January 31st, 2011 at 11:11 am
Rockabilly music, says Mark Wallace, makes him feel alive.
But it took the death of his grandfather, Ronald ‘Slim’ Wallace, to figure that out.
In the years following Slim Wallace’s death, the younger Wallace found stacks of records in the attic of his grandfather’s home. They came from a time when Slim operated Fernwood Records, a rockabilly label based in Memphis, Tenn.
Among the albums is a million-selling hit by Thomas Wayne, “Tragedy,” and many other records of historical significance.
Wallace has dedicated his time to helping his grandfather’s legacy achieve recognition, and he’s working to assemble a museum exhibition to commemorate the man and his love for music. That exhibit will open Saturday (Feb. 5) at the Rogers Historical Museum in downtown Rogers and will highlight many of the songs and memories that were a big part of Slim’s life.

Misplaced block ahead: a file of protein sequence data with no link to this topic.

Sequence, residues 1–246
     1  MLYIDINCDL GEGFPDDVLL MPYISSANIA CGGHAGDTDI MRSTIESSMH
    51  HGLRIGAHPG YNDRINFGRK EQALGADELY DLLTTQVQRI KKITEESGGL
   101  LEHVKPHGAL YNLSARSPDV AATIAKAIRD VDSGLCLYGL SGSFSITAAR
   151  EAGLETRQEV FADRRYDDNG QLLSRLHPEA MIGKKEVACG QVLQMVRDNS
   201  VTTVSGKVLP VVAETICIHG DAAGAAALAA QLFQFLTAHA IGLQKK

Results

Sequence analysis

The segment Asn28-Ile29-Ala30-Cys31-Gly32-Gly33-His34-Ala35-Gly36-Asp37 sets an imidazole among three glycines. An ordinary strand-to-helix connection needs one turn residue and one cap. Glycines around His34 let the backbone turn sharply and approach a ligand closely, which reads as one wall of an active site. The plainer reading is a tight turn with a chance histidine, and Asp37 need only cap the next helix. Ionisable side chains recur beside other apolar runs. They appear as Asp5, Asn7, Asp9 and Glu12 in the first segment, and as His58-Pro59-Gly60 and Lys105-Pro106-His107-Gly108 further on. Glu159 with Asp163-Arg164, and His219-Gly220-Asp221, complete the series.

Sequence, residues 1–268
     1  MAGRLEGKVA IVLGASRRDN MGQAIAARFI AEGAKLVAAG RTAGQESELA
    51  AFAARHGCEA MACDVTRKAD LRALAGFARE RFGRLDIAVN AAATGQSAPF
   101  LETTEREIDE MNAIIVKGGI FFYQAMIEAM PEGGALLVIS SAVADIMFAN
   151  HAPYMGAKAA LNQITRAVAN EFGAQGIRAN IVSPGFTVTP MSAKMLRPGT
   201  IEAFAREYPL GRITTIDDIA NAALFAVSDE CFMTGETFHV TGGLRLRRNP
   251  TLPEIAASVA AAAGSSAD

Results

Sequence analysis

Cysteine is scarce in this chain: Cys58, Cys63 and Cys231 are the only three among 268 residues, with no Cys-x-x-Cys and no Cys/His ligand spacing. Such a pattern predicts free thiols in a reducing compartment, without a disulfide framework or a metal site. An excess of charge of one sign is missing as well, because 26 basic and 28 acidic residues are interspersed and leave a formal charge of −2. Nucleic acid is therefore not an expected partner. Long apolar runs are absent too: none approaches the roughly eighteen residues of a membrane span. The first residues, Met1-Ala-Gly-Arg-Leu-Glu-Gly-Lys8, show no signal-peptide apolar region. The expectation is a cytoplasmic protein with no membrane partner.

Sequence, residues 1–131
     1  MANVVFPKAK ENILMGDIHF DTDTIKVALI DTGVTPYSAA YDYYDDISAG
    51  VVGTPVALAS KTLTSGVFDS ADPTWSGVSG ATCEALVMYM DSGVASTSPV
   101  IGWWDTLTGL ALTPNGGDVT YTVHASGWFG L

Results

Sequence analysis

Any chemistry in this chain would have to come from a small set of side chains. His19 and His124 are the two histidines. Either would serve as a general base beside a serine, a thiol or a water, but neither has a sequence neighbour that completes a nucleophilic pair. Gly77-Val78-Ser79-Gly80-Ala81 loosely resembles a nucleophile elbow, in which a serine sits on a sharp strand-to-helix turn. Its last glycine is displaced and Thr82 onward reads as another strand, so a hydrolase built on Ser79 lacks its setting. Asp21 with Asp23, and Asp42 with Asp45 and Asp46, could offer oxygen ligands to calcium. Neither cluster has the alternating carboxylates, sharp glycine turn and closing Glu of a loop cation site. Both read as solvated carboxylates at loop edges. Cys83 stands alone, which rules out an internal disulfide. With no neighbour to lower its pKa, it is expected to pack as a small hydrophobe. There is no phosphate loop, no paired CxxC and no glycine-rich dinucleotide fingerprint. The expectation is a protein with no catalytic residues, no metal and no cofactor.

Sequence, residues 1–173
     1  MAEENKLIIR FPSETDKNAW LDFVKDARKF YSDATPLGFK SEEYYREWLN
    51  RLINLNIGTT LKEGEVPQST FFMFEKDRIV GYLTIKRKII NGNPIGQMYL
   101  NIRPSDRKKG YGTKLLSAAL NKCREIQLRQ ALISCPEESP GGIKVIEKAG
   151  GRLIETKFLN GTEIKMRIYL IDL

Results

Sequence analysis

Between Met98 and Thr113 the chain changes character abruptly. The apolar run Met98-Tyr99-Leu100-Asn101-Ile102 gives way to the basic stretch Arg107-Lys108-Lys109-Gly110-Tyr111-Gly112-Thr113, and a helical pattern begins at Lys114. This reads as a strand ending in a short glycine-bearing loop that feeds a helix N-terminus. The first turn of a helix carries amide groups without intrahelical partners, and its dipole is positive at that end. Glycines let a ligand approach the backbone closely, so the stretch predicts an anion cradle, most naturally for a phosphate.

Mark Wallace chatted with me about his grandfather and the albums the Paragould native recorded after moving to Memphis. You can read about it in Friday’s What’s Up! section. [Note: Subscriber content.]
Wallace will also stage a rockabilly concert to coincide with the opening of the exhibit. The show will take place at 7 p.m. Feb. 5 and will include performances by Mark Wallace and the Dixie Ramblers, Ramon Maupin, who recorded on the Fernwood label, the Sin City Scoundrels and The Dusters.
Admission to the show, which will take place in the Victory Theater in downtown Rogers, is $25-$35.
Admission to the gallery, which will be open through March 15, is free.